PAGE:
By Joby Warrick
Washington Post Staff Writer
Sunday, November 11, 2007
When the United States learned in 2001 that Pakistani scientists had shared nuclear secrets with members of al-Qaeda, an alarmed Bush administration responded with tens of millions of dollars worth of equipment such as intrusion detectors and ID systems to safeguard Pakistan's nuclear weapons.
But Pakistan remained suspicious of U.S. aims and declined to give U.S. experts direct access to the half-dozen or so bunkers where the components of its arsenal of about 50 nuclear weapons are stored. For the officials in Washington now monitoring Pakistan's deepening political crisis, the experience offered both reassurance and grounds for concern.
Protection for Pakistan's nuclear weapons is considered equal to that of most Western nuclear powers. But U.S. officials worry that their limited knowledge about the locations and conditions in which the weapons are stored gives them few good options for a direct intervention to prevent the weapons from falling into unauthorized hands.
"We can't say with absolute certainty that we know where they all are," said a former U.S. official who closely tracked the security upgrades. If an attempt were made by the United States to seize the weapons to prevent their loss, "it could be very messy," the official said.
Of the world's nine declared and undeclared nuclear arsenals, none provokes as much worry in Washington as Pakistan's, numerous U.S. officials said. The government in Islamabad is arguably the least stable. Some Pakistani territory is partly controlled by insurgents bent on committing hostile acts of terrorism in the West. And officials close to the seat of power -- such as nuclear engineer A.Q. Khan and his past collaborators in the Pakistani military -- have a worrisome track record of transferring sensitive nuclear designs or technology to others.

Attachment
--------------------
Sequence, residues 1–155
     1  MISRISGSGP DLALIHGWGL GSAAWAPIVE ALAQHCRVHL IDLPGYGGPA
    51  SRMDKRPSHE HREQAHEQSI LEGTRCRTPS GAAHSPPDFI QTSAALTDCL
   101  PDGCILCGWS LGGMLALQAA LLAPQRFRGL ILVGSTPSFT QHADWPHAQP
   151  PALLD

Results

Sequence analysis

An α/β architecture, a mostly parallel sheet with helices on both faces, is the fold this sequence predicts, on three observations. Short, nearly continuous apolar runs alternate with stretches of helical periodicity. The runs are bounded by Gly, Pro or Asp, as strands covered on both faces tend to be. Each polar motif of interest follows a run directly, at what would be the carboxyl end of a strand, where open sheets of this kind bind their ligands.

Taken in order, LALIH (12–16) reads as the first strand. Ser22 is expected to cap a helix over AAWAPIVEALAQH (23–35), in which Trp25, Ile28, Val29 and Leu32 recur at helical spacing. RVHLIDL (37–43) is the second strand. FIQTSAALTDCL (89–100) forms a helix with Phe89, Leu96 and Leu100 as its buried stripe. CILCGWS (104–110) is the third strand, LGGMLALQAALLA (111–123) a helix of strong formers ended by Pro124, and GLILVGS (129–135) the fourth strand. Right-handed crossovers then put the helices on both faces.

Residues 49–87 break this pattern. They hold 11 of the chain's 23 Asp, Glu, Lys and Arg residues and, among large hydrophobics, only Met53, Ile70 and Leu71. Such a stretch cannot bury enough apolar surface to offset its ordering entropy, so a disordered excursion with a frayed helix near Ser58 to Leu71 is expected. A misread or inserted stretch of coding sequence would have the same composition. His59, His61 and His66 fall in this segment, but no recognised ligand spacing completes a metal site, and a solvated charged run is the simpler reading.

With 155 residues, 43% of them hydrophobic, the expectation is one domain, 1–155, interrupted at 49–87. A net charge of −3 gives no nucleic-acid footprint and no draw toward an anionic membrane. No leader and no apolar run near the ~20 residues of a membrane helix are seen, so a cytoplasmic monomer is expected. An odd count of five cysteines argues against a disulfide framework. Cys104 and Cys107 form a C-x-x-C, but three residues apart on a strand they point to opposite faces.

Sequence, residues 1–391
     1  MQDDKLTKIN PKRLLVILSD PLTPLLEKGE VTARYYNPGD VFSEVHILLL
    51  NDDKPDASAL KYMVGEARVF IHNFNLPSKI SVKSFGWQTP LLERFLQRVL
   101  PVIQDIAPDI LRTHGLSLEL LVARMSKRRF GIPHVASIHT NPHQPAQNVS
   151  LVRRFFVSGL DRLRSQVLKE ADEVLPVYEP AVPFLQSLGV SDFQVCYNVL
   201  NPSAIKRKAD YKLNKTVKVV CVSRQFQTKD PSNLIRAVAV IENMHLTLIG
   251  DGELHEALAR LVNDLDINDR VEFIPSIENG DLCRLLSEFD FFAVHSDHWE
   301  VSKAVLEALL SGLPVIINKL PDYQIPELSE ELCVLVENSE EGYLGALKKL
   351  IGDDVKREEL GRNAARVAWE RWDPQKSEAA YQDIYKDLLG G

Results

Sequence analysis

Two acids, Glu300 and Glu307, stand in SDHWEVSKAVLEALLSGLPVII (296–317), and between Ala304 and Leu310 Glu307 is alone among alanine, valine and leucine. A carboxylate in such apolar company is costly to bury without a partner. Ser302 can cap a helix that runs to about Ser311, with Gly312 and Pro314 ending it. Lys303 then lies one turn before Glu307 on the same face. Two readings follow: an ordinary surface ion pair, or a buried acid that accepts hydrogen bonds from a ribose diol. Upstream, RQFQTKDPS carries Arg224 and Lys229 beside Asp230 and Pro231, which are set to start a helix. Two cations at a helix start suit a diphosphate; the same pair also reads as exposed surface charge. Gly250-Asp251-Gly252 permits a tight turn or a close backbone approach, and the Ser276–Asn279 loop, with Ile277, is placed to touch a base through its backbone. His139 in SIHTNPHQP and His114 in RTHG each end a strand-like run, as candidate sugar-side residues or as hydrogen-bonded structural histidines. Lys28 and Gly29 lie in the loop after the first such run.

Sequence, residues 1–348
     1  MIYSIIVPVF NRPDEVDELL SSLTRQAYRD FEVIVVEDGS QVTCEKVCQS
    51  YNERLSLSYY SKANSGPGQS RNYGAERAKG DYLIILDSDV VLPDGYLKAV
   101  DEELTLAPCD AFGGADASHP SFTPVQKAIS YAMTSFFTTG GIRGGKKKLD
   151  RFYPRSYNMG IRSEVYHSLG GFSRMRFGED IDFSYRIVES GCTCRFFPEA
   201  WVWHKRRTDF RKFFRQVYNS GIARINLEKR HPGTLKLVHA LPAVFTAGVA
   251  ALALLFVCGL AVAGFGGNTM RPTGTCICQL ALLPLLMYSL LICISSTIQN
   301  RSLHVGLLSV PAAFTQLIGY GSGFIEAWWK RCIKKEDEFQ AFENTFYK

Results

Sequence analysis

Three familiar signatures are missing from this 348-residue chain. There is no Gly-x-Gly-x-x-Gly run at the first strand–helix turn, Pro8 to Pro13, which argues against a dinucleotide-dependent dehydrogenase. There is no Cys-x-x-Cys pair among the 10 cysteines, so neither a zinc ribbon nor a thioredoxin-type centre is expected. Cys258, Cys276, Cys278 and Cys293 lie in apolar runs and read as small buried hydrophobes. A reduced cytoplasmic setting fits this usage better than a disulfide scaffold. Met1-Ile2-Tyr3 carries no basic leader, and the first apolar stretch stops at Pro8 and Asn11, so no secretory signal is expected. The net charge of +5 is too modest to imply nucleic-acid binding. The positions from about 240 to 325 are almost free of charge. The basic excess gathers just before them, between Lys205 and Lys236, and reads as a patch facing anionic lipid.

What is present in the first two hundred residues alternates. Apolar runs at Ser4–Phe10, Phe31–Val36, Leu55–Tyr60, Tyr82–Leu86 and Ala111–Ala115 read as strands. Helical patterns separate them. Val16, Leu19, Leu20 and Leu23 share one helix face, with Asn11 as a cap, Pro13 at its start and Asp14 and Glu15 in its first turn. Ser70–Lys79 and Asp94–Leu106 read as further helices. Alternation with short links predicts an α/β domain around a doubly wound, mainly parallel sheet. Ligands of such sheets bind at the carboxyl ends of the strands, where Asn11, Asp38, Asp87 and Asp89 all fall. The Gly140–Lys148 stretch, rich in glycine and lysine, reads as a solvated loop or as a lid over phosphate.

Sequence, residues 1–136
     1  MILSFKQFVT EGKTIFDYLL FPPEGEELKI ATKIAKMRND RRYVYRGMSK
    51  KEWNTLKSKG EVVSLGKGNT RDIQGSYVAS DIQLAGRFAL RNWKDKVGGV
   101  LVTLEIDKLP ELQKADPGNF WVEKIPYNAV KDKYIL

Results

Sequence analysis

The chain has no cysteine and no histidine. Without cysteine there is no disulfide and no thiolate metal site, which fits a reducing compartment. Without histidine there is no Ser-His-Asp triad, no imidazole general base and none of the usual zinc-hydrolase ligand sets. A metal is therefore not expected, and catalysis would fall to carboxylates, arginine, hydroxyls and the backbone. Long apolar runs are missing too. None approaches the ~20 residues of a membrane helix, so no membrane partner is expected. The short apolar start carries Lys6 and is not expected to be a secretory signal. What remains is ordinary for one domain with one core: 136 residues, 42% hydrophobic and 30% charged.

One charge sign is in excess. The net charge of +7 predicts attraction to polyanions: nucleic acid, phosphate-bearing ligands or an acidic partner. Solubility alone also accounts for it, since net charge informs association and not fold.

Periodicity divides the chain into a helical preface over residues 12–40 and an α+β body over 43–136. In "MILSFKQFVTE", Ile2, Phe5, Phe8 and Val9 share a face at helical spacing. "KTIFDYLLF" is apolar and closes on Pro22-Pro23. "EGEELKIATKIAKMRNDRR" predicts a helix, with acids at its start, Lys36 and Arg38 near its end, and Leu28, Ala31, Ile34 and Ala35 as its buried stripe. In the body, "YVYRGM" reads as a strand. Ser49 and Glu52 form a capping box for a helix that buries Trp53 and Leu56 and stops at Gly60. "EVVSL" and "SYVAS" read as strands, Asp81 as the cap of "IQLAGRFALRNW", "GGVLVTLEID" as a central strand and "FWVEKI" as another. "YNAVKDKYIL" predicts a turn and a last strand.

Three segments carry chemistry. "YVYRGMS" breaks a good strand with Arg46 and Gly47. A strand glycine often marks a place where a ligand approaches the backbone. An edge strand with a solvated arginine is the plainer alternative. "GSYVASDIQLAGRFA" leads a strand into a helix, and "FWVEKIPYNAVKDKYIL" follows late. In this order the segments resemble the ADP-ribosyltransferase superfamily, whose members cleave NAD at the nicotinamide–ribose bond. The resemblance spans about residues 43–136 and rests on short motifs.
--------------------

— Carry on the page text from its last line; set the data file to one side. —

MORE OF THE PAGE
That record, and the counterterror prism of U.S. policymaking since the attacks of Sept. 11, 2001, have led the Bush administration to worry less that Pakistan's nuclear arsenal might be used in a horrific war with India than that it could become a security threat to the U.S. homeland in the event of any theft or diversion to terrorist groups.
Because the risks are so grave, U.S. intelligence officials have long had contingency plans for intervening to obstruct such a theft in Pakistan, two knowledgeable officials confirmed. The officials would not discuss details of the plans, which are classified, but several former officials said the plans envision efforts to remove a nuclear weapon at imminent risk of falling into terrorists' hands.
The plans imagine, in the best case, that Pakistani military officials will help the Americans eliminate that threat. But in other scenarios there may be no such help, said Matt Bunn, a nuclear weapons expert and former White House science official in the Clinton administration. "We're a long way from any scenario of that kind. But the current turmoil highlights the need for doing whatever we can right now to improve cooperation and think hard about what might happen down the road."